Steve Vai - Sisters

Another good example is Boy from Seattle, also from Steve Vai. Listen how there are several such notes at 0:33:

Steve Vai - Boy from Seattle

Do not confuse these harmonics with artificial harmonics (or pinch harmonics, or squealies, or whatever you want to call them), which sound very different and are produced in a different way. We’ll get to those in another episode.

June 1, 2020

This week, Saxophone metal! In case you didn’t know, “metal” is an extremely rich and varied genre. “Saxophone metal” is not a real subgenre, though, sorry! That said, I wanted to showcase several bands that (a) feature sax or other wind instruments in some songs, and (b) sound pretty different, while being all metal!

First up is the technical death metal band Rivers of Nihil with their disorientingly hippie-looking Where Owls Know My Name video (growling at 1:15, sax at around 2:00):

Rivers of Nihil - Where Owls Know My Name

Then we have the avant-garde metal band Dog Fashion Disco with their Christian Dance Song (beware lyrics poking fun at religion! Also, what am I even listening to? Is this ska metal? I don’t even, but I love it):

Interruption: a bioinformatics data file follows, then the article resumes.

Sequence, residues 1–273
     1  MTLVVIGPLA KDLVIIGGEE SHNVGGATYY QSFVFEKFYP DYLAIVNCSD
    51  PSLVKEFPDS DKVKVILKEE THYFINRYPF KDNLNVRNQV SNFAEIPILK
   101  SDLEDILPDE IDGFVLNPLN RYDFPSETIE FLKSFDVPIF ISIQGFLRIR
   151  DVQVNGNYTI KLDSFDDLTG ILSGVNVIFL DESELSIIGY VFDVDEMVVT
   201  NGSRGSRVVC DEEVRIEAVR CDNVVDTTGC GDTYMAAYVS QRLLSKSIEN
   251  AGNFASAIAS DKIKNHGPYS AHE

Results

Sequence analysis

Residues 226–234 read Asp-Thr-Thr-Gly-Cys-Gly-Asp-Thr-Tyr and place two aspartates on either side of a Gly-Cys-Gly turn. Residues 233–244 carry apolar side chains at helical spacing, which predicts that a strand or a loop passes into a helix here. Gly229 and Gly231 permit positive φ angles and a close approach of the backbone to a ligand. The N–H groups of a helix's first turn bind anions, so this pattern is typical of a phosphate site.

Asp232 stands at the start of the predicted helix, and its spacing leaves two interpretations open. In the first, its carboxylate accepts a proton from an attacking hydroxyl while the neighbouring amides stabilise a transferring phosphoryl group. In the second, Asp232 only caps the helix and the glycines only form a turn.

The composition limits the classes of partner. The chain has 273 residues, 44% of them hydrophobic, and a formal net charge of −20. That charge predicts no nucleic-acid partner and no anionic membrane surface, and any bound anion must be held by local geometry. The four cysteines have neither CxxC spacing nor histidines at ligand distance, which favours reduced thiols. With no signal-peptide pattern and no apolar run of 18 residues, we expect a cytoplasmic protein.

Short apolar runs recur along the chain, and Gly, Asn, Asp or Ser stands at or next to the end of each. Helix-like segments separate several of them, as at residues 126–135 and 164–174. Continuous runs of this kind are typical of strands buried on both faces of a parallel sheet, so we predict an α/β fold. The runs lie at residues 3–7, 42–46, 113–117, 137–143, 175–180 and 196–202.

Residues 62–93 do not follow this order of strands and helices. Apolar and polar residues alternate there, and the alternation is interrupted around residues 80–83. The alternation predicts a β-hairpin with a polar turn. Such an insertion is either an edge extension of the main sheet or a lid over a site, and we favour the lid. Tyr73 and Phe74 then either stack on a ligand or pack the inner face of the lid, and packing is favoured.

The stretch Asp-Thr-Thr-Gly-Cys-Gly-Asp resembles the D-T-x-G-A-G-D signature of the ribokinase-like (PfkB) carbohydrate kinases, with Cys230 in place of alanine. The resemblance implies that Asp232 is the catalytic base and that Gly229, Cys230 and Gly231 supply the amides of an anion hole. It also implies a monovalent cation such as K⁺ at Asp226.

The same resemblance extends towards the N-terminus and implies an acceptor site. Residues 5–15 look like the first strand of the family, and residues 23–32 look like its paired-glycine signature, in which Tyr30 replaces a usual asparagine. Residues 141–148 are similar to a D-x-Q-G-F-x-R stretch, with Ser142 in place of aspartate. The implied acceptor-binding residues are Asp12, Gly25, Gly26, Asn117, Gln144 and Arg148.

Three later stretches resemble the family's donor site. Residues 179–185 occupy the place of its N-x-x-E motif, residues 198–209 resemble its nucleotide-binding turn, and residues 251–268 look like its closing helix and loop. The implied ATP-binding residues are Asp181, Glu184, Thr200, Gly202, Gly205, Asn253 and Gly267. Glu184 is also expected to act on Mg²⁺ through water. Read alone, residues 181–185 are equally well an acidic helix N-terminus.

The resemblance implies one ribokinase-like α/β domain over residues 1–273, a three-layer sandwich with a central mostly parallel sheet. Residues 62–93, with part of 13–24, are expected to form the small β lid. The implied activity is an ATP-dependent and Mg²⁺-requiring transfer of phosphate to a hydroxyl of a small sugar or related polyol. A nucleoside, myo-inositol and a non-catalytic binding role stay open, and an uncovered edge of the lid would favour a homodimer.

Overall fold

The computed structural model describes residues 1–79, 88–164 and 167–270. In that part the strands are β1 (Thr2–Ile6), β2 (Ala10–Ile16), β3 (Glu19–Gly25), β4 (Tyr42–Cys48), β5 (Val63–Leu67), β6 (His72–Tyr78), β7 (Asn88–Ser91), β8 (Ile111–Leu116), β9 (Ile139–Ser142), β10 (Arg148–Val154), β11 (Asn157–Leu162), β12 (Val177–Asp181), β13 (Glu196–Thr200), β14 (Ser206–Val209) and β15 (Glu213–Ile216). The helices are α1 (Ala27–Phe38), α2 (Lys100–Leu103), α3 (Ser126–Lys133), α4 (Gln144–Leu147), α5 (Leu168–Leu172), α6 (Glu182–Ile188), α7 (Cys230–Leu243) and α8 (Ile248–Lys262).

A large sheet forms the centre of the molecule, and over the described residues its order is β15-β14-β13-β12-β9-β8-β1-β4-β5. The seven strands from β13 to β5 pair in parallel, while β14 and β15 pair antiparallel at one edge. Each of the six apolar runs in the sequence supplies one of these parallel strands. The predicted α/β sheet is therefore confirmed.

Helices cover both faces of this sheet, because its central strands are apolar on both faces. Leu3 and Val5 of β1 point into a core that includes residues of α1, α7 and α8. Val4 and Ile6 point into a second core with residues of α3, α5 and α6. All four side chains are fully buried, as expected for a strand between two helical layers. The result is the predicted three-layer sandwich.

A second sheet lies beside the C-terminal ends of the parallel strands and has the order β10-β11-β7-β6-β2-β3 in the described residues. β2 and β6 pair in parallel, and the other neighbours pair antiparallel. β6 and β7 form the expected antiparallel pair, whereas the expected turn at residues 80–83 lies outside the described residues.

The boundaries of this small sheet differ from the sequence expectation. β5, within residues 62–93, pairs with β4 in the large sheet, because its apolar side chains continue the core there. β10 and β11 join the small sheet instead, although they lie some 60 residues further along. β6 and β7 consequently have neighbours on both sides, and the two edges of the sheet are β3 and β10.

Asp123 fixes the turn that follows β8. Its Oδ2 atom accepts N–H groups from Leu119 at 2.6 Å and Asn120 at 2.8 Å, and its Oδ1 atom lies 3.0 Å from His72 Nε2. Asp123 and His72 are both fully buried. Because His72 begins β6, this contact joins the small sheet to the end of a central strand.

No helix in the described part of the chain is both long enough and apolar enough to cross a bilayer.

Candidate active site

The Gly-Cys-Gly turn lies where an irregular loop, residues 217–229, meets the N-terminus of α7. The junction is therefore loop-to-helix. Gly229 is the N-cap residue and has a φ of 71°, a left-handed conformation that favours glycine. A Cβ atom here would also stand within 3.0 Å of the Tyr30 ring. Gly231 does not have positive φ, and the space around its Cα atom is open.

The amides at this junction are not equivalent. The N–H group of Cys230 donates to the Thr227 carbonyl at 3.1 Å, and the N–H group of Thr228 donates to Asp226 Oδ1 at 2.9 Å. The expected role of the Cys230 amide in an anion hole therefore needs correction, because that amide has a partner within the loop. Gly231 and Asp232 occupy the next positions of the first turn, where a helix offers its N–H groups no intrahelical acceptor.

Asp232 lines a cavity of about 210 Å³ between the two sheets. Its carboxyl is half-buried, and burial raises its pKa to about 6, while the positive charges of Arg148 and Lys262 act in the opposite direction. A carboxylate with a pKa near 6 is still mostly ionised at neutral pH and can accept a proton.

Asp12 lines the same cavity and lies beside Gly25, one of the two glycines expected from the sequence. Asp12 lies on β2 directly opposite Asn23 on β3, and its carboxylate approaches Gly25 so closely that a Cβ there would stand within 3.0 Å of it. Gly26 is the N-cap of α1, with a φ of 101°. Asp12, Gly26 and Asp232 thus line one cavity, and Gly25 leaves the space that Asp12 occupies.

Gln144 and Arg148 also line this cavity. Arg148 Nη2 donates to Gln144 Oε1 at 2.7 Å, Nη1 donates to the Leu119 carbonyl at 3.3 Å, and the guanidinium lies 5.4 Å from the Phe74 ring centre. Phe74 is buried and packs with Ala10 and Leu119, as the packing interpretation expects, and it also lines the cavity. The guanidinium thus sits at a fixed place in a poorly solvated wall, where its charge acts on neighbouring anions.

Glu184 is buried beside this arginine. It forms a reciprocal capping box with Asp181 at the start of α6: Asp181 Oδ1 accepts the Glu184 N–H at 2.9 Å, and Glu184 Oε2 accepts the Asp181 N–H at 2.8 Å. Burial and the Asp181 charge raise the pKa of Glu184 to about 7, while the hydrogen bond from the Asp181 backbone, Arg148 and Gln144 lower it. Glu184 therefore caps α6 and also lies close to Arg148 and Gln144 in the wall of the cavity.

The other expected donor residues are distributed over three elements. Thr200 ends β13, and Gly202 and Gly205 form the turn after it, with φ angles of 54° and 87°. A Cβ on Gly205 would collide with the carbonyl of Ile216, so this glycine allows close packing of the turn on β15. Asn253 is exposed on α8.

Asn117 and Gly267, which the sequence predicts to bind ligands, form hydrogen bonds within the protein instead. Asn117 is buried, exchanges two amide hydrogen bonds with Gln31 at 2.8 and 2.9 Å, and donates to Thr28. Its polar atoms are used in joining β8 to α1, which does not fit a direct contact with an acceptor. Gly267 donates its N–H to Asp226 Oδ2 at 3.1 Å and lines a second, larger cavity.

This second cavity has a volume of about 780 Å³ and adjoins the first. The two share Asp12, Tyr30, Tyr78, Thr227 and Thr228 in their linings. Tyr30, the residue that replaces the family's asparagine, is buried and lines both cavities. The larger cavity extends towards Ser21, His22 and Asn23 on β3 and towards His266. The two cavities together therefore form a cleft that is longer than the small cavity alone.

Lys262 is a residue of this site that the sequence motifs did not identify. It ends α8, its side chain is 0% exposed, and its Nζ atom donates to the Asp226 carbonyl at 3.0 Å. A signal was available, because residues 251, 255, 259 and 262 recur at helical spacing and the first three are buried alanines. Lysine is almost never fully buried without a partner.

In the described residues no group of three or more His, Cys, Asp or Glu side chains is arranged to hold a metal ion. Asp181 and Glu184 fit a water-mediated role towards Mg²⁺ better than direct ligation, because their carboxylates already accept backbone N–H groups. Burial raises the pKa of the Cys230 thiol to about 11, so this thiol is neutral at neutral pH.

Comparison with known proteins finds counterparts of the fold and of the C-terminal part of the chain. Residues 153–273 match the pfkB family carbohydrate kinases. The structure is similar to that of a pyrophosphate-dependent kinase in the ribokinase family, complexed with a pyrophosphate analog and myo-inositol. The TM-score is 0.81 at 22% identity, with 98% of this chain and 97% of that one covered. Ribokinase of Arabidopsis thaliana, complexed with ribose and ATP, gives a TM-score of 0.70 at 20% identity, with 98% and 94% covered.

Dog Fashion Disco - Christian Dance Song

Finally, the Norwegian avant-garde metal/jazz fusion band Shining with an instrumental… jazz metal? song called Healter Skelter (beware strobe lights!):

Shining - Healter Skelter

And because I am a big fan of Shining and it is a relatively unknown, Norwegian band, some more of it: first, their impossibly awesome video for Last Day played on Trolltunga, featuring hiking, snow, cliffs, and paragliders (love the changes in the song between 1:55 and 2:30):

Shining - Last Day

And last, but not least, I wanted to share a video of Shining’s powerful Øya festival 2013 concert (I was there! It was amazing):

Shining - Øya concert 2013